Goodbye, Columbus: a holiday with deep Catholic roots is disappearing

Goodbye, Columbus: a holiday with deep Catholic roots is disappearing October 8, 2018

Incredible, but true, via USA TODAY: 

The city of Columbus, Ohio, will not observe the controversial federal holiday honoring its namesake, Italian explorer Christopher Columbus, for the first time this year.

Wikipedia/Public Domain

City offices are instead scheduled to close on Veterans Day in November, though a spokesperson for the mayor’s office said the decision was not spurred by movements to replace Columbus Day with Indigenous Peoples Day, a counter-celebration held on the same day to commemorate Native Americans.

Critics say the holiday honors the mass genocide and colonization of Native Americans, who lived in the Americas long before Christopher Columbus arrived in October 1492, while Italian-American organizations say the movement comes at the expense of a time to celebrate their ethnic heritage.

Ohio’s capital city is the most populated city named after Columbus, with 860,000 people in the 2016 U.S. census. The city, however, lacks the funding to give its 8,500 employees both Veterans Day and Columbus Day off, said Robin Davis, a spokesperson for Mayor Andrew Ginther.

Some may be surprised to learn that it is largely a federal holiday because of lobbying efforts of the Knights of Columbus. Some background:  

The first Columbus Day celebration took place in 1792, when New York’s Columbian Order—better known as Tammany Hall—held an event to commemorate the historic landing’s 300th anniversary. Taking pride in Columbus’ birthplace and faith, Italian and Catholic communities in various parts of the country began organizing annual religious ceremonies and parades in his honor.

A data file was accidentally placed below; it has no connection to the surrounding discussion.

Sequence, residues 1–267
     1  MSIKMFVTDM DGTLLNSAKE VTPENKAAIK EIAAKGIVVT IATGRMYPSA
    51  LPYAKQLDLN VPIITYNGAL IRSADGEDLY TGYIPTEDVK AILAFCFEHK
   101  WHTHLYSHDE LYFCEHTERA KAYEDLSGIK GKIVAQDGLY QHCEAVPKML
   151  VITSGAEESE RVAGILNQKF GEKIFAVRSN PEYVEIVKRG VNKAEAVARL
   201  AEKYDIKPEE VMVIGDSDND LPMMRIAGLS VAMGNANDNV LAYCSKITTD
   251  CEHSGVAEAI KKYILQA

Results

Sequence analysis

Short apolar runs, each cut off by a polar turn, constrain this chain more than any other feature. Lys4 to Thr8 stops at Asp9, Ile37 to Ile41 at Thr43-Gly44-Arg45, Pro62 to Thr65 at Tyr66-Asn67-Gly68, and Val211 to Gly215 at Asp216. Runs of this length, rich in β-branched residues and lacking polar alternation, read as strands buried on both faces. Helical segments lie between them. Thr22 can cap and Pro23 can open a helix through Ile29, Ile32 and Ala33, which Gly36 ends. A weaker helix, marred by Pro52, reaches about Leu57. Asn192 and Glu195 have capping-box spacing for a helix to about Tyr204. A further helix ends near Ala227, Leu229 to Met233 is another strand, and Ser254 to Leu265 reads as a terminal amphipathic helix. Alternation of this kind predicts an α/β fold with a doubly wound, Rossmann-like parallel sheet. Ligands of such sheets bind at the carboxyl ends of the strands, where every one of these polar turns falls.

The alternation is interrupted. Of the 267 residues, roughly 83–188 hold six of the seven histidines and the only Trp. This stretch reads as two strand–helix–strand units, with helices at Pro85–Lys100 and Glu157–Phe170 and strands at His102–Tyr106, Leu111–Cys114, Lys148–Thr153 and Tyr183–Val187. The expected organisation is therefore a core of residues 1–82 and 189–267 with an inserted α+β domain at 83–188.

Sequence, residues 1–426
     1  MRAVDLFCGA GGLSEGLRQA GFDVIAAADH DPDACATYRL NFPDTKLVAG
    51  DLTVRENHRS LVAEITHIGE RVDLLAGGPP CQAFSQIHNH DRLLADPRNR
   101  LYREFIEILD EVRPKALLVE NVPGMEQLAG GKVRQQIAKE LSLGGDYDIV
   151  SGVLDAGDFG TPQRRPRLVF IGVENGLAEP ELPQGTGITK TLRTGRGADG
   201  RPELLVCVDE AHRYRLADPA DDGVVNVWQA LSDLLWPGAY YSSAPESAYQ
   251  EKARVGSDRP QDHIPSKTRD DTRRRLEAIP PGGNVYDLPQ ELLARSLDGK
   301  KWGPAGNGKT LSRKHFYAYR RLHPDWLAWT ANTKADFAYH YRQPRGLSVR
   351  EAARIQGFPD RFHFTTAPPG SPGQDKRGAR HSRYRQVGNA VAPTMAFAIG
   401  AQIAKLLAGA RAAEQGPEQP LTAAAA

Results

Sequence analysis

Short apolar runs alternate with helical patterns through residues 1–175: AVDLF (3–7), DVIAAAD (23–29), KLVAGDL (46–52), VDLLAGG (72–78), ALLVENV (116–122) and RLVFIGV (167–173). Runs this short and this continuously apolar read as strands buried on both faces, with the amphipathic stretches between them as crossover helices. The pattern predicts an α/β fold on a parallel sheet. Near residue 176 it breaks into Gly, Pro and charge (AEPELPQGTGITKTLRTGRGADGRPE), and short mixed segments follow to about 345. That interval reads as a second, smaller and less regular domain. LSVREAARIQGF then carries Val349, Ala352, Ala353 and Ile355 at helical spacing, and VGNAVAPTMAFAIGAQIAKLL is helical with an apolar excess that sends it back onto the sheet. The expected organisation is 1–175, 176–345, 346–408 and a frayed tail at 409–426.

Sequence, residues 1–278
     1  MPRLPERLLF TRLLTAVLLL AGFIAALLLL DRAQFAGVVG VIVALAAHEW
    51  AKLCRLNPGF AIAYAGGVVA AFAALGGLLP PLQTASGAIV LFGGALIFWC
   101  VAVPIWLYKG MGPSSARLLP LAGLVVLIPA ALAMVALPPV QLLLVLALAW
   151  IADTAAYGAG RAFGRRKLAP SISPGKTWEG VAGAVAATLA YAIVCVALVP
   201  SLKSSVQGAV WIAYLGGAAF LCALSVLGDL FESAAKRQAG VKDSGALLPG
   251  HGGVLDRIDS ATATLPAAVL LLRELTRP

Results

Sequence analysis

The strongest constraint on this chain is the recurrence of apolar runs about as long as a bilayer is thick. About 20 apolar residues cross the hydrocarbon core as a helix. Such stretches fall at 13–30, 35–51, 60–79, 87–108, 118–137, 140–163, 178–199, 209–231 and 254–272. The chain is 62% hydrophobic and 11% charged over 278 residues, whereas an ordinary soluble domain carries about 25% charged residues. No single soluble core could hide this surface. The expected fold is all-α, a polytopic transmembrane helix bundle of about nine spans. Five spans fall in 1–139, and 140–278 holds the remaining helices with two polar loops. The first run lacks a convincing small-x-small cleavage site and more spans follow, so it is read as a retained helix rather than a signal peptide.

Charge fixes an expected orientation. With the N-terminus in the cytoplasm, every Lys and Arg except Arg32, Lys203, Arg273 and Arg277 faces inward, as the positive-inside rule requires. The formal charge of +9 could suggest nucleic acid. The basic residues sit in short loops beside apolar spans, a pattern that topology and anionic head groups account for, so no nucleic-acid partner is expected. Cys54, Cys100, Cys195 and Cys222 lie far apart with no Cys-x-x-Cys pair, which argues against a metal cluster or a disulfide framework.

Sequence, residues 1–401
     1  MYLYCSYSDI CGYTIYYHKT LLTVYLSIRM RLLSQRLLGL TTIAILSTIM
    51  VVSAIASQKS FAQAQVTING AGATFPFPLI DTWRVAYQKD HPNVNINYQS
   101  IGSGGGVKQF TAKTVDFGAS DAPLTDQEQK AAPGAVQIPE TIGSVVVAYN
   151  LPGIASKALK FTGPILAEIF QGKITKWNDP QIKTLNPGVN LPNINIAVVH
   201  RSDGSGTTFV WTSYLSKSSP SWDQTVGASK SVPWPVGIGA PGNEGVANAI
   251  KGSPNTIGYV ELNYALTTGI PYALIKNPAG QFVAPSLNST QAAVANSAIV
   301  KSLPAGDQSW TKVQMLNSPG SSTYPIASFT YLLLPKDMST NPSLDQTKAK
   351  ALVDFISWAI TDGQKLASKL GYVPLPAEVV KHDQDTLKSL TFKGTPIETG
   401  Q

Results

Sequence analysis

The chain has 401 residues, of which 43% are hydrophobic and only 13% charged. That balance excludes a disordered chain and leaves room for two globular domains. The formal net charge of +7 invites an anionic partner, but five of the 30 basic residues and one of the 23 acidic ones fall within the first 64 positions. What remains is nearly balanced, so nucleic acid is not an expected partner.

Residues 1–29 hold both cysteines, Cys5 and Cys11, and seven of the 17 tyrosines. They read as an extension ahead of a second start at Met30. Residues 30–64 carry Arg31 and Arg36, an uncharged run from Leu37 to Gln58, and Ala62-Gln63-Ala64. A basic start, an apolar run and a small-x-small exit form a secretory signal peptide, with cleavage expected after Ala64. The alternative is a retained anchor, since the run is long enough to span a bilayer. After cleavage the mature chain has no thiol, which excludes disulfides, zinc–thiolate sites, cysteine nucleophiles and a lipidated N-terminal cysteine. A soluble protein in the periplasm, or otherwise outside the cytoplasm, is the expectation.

In 1892, President Benjamin Harrison issued a proclamation encouraging Americans to mark the 400th anniversary of Columbus’ voyage with patriotic festivities, writing, “On that day let the people, so far as possible, cease from toil and devote themselves to such exercises as may best express honor to the discoverer and their appreciation of the great achievements of the four completed centuries of American life.”

In 1937, President Franklin D. Roosevelt proclaimed Columbus Day a national holiday, largely as a result of intense lobbying by the Knights of Columbus, an influential Catholic fraternal organization.

Controversy over Columbus Day dates back to the 19th century, when anti-immigrant groups in the United States rejected the holiday because of its association with Catholicism.

In recent decades, Native Americans and other groups have protested the celebration of an event that resulted in the colonization of the Americas, the beginnings of the transatlantic slave trade and the deaths of millions from murder and disease.

European settlers brought a host of infectious diseases, including smallpox and influenza, that decimated indigenous populations. Warfare between Native Americans and European colonists claimed many lives as well.

In many Latin American nations, the anniversary of Columbus’ landing has traditionally been observed as the Dìa de la Raza (“Day of the Race”), a celebration of Hispanic culture’s diverse roots. In 2002, Venezuela renamed the holiday Dìa de la Resistencia Indìgena (“Day of Indigenous Resistance”) to recognize native peoples and their experience.

Several U.S. cities and states have replaced Columbus Day with alternative days of remembrance. AlaskaHawaiiOregon and South Dakota have officially replaced Columbus Day with Indigenous Peoples Day, as have cities like Denver, Phoenix and Los Angeles.


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